This is my child.
When he was born we were told to name him quickly and prepare to say goodbye.
We named him Danny. And we hoped.
Danny was a fighter. He survived the long journey, in an ambulance, to Cardiff.
At Cardiff, we were told that he had a very serious heart condition, Hypoplastic Left Heart Syndrome.
We were taken to “the quiet room” and given leaflets. With tears in our eyes, the only words that we could make out clearly were, “will die”.
We were asked to choose between comfort care or surgical treatment.
We chose surgery and gave Danny the chance to live.
Danny travelled to Birmingham and had his first major open heart surgery at three days old.
At three weeks old we got to take our baby boy home.
“Ooh a baby!” people said excitedly as they spotted a pram. “What’s wrong with him?” they shuddered noticing his tubes.
Others loved, cared and supported our special baby as much as we did.
“Half a heart, but all our love.” they chorused.
We had to set an alarm to wake us through the night to tube-feed our baby.
Months later, when he had the energy to cry in the night for a feed it was music to our ears.
Treasure every moment.
At four months old we had to take our bonny baby boy back to Birmingham for his second heart operation.
Again, against the odds. He survived.
Danny was a happy, cheeky, clever baby.
Approaching his third operation, with oxygen levels now lowering, he would tire more easily.
At three years old he would sit in the trolley as we did our shopping, while his peers walked proudly along with their parents.
“I wish my child would still sit in the trolley like that.” They said.
“I wish my child could walk and run around about like yours.” I thought.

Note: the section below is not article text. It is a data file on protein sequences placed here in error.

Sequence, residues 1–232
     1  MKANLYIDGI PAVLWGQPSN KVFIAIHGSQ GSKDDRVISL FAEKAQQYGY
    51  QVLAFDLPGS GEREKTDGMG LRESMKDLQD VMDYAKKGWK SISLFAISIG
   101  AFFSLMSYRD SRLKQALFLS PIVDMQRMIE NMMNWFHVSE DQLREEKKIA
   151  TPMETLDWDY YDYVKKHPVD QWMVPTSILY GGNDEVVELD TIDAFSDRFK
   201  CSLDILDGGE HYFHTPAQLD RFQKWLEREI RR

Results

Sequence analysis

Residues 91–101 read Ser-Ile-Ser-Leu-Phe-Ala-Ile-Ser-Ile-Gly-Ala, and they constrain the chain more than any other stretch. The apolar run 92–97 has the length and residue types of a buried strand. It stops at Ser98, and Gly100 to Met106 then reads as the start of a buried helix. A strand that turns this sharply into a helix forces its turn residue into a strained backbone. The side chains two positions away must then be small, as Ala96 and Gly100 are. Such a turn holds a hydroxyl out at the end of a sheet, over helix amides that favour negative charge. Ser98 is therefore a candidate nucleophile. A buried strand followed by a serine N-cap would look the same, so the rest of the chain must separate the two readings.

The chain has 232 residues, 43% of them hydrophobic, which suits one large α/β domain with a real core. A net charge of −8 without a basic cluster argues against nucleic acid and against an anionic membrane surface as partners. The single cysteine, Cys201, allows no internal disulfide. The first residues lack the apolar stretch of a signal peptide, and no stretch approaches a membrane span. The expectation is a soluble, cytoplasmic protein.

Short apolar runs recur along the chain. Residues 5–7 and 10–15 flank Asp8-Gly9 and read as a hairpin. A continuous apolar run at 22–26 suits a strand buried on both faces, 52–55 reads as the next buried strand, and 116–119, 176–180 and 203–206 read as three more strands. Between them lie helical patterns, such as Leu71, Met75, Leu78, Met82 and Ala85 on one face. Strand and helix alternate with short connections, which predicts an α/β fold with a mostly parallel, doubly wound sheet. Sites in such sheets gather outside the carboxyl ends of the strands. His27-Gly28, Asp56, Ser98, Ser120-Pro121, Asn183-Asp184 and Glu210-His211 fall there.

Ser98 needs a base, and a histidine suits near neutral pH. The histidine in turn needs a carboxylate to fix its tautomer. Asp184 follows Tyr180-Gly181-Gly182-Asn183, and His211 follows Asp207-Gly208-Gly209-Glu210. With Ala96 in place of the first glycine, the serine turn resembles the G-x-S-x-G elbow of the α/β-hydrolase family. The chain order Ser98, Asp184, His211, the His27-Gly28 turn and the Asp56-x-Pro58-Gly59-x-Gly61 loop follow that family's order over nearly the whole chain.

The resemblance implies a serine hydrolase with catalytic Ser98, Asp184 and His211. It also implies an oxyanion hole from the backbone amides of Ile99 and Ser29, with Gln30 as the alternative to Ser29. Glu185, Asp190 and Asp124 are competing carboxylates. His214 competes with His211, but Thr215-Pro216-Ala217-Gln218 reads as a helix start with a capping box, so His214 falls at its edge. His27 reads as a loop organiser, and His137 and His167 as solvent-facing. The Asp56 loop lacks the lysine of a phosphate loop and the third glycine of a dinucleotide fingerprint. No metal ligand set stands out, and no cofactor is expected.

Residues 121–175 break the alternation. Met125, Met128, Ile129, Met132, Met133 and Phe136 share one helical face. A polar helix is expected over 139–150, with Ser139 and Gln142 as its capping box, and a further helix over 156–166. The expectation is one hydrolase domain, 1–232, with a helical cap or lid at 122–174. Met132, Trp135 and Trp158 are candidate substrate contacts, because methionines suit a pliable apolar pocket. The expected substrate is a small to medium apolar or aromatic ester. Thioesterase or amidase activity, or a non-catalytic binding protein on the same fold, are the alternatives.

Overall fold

We had another baby. Why do people ask whether you would “prefer” a girl or a boy when all you want is for them to be healthy?
We were blessed with a healthy little sister for Danny, Rebecca.
At four years old we took Danny back to Birmingham for his third and most difficult operation.
He was so brave and thank goodness, again survived.
His first smile whilst still wincing in pain was reserved for his baby sibling, Rebecca.
A few days post op, he was in such pain, so weak, three big drains coming out of his chest, but he was determined to walk up and down the corridor every day to feed the fish.
He got stronger and we returned home.
He went back to school.
He joined Beavers, Special Needs Gymnastics and a Theatre Group.
He wanted to do the same things as his friends the same age: to climb, play football, swim far, ride a bike… but he couldn’t.
However Danny was determined and he kept trying.
We had another healthy baby, Caitlyn.
The years went on and Danny moved to Junior School (he gained a lot of confidence in Nurture Group) and moved up to Cubs and then Scouts.
We completed our family with a healthy baby girl, Isabelle.
Danny can now climb high.
He can abseil down a castle.
He can play football in school.
He can swim for 50m (and getting further every time).
He can canoe, go rafting and sailing.
He has Gymnastic medals.
He can camp and start a fire.
He can hike for over 7 miles.
He can ride a two-wheeled bike.
He has flown in a light aeroplane.
He is a sixer at Cubs.
He is a caring, proud big brother, with three even prouder little sisters.
He now holds my hand to help me balance and is the one teaching me to climb high.
He has half a heart but a full life.
He will always have be on warfarin and other heart medication. He continues to have check ups, regular blood tests and more surgeries. He tires and needs a lot of rest.
He is an enthusiastic, inspiring, intelligent, interesting son, grandson, nephew, great grandson, pupil and friend to many.
This is my child, this is Danny.
This is my child, these are my children.